• Hold for 5 seconds.
  • Perform this movement on each finger.
  • Repeat 3 times.

b) Finger Clenches

finger clenches


  • Keep your hand in a neutral position throughout this exercise.
  • Open your hand.
  • Curl your fingers.
  • Perform 20 repetitions.

c) Thumb Isometrics

thumb strengthening exercise cts


  • Pretend that you are holding a can.
  • Maintain neutral wrist position.
  • Use the finger on your other hand to firmly push into the front of the thumb.
  • Make sure that the thumb does not move.
  • Hold for 5 seconds.
  • Perform 10 repetitions.

d) Grip Strength

carpal tunnel home remedies


  • Hold onto a small ball into your hand.
  • Assume a neutral wrist position.
  • Squeeze the ball as hard as you can.
  • Hold for 5 seconds.
  • Repeat 10 times.

e) Wrist Flexion

carpal tunnel syndrome exercises at home


  • Hold onto a light weight in your hand.
  • Rest the back of your forearm on top of your thigh.
  • Have your palm facing upwards.
  • Move the wrist upwards.
    • Make sure that you do not move into any tingling/numbness/pain as you do this.
  • Perform 30 repetitions.

Note: As this exercises takes the wrist into flexion, this exercise has the potential to compress the nerves in the wrist. Pease be careful that you do not reproduce any of the symptoms that you have been experiencing.

The following exercises help strengthen the weak muscles in the hand which may lead to using a wrist flexion strategy:

f) Wrist Extension

wrist extension strengthening exercise


  • Hold onto a light weight in your hand.
  • Rest your forearm on top of your thigh.
  • Have your palm facing downwards.
  • Move the wrist upwards.
  • Aim to feel a contraction on the upper side of your forearm.
  • Perform 30 repetitions.

g) Finger Extension

finger extension strengthening


  • Apply the finger resistance band as shown above.
  • Proceed to open and close your hand.
  • Perform 20 repetitions.
  • Repeat 3 times.

h) Pronation/Supination

forearm supination and pronation


  • Support your forearm onto a table with your hand hanging over the edge.
  • Hold onto a hammer.
  • Proceed to twist your forearm (palms up/down).
  • Perform 20 repetitions.
  • Repeat 3 times.

STEP 10: Surgery

Surgery should rarely be the first thing to consider when dealing with Carpal Tunnel Syndrome.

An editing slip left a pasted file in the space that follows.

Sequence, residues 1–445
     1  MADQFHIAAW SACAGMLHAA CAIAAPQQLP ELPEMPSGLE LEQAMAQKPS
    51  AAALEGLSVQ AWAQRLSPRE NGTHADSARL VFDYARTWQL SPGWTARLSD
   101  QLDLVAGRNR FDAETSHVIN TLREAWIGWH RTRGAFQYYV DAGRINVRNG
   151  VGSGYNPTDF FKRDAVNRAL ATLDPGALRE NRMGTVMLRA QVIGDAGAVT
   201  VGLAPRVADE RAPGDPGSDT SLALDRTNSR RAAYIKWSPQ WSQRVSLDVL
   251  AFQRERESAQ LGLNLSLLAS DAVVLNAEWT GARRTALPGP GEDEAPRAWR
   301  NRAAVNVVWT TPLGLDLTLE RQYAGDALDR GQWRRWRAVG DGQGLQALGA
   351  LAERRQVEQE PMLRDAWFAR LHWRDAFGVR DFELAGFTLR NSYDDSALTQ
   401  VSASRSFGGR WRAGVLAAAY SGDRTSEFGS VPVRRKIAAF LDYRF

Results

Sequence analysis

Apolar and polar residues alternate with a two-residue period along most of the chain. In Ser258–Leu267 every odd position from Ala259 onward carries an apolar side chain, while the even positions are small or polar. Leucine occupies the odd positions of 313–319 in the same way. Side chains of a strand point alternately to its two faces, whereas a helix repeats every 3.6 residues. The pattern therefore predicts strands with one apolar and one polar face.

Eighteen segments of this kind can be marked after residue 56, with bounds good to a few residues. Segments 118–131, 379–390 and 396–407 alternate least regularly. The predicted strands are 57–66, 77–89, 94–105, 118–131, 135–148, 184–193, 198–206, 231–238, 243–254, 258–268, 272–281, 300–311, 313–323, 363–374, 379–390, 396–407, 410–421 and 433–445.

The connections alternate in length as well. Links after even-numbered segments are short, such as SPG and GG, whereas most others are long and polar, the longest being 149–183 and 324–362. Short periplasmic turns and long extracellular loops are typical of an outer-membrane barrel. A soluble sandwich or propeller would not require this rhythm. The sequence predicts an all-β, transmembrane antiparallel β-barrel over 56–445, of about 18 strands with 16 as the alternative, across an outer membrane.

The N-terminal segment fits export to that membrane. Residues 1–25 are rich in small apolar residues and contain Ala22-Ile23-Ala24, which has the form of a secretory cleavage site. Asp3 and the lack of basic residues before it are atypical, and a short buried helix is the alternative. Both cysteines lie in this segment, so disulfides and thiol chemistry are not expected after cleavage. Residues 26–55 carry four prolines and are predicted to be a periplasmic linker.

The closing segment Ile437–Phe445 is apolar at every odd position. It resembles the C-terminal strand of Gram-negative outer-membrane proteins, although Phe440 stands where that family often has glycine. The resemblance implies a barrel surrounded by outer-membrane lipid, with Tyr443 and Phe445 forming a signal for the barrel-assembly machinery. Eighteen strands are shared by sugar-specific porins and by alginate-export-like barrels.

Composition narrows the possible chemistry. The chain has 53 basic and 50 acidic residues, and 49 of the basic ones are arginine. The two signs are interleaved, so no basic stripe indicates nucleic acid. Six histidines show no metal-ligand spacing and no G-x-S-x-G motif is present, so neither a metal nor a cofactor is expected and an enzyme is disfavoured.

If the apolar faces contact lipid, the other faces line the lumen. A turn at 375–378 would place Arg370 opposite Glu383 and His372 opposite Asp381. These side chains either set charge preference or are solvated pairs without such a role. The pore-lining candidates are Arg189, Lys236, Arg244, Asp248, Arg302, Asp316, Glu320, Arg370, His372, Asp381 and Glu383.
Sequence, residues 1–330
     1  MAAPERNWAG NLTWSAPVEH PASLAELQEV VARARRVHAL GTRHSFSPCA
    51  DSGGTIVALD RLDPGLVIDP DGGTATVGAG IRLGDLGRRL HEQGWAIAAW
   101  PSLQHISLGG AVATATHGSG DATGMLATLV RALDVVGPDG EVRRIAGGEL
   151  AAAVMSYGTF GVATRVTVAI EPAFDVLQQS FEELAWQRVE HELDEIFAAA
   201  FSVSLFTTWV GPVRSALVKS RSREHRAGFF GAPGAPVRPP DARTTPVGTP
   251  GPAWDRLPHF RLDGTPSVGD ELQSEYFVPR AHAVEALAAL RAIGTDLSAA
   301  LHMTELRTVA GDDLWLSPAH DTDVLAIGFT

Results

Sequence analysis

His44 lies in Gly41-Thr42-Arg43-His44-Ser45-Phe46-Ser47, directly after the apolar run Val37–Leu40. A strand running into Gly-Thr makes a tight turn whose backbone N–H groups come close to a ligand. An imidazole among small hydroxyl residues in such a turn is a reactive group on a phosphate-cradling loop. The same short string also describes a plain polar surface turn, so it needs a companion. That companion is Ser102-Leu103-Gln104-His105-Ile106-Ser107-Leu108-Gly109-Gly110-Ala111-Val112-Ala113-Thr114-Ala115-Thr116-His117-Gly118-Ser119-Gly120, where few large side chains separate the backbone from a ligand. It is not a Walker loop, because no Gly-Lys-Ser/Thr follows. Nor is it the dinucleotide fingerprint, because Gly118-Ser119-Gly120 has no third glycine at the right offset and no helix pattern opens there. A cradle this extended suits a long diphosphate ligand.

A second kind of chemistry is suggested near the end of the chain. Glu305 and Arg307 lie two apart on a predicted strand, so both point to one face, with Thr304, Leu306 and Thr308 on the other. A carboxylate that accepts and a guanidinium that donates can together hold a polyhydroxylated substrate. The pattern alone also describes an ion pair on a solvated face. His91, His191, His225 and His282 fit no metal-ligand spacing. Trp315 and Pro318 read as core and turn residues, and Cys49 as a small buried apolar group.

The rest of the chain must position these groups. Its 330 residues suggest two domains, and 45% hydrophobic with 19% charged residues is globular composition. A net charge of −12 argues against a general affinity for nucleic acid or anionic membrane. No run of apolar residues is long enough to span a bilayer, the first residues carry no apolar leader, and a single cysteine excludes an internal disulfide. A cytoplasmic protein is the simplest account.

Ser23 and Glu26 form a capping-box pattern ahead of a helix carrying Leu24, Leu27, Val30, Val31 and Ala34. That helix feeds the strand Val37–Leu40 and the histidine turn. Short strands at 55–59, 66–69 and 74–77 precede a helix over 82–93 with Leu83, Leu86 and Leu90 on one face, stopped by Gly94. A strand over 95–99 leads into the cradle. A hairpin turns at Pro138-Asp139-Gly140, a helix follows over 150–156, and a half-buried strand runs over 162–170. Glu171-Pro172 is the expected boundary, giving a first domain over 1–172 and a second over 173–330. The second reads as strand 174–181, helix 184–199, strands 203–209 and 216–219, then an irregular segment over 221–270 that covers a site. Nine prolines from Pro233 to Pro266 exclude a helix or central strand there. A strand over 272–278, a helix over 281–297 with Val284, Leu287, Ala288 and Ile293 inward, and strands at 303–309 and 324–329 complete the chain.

Of course – if there is a significant amount of compression the nerves that is associated severe symptoms, you may be better off getting the surgery sooner than later.

Prolonged periods of compression of the nerve may stop blood (and oxygen) from supplying to the nerves which can result in permanent nerve damage.

What happens during the surgery:

The transverse carpal ligament that holds the nerves/artery/tendons/veins at the front of wrist is cut to create more space around the Median Nerve.

Common Questions

a) What happens if the Carpal Tunnel Syndrome is left untreated?

Permanent nerve damage that may result in chronic dysfunctional use of the affected hand.

b) Is Carpal Tunnel Syndrome serious?

In most cases, Carpal Tunnel Syndrome is not a serious condition as the majority of symptoms improve with treatment.

c) How long does it take to heal?

Depending on your severity of the injury, Carpal Tunnel Syndrome can typically take any where from 2- 12 weeks to heal.


Carpal Tunnel Syndrome involves the compression of the Median Nerve in the wrist.

It can cause neurological symptoms such as tingling, numbness, pain and weakness along the thumb, pointer, middle and half of ring finger.

This blog post contains effective exercises and strategies which you can perform your own treatment at home.

If you have severe symptoms, it is suggested that you see a specialist as soon as possible to avoid further injury to the nerve.

What to do next

1. Any questions?… (Leave me a comment down below.)

2. Come join me:

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3. Start doing the exercises!

Disclaimer: The content presented on this blog post is not medical advice and should not be treated as such. It is not intended to be used as a substitute for professional advice, diagnosis or treatment. Use of the content provided on this blog post is at your sole risk. Seek guidance from a health professional before attempting any of the exercises and/or strategies mentioned on this blog post. For more informationMedical Disclaimer.